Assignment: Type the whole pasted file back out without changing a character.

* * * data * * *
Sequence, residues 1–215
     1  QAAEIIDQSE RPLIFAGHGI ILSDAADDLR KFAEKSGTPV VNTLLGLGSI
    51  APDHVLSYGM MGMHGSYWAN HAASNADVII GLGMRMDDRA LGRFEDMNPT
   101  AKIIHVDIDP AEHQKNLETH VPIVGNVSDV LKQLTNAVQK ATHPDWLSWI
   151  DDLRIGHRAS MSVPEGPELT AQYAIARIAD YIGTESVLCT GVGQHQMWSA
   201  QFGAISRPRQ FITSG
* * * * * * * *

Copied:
Sequence, residues 1–215
     1  QAAEIIDQSE RPLIFAGHGI ILSDAADDLR KFAEKSGTPV VNTLLGLGSI
    51  APDHVLSYGM MGMHGSYWAN HAASNADVII GLGMRMDDRA LGRFEDMNPT
   101  AKIIHVDIDP AEHQKNLETH VPIVGNVSDV LKQLTNAVQK ATHPDWLSWI
   151  DDLRIGHRAS MSVPEGPELT AQYAIARIAD YIGTESVLCT GVGQHQMWSA
   201  QFGAISRPRQ FITSG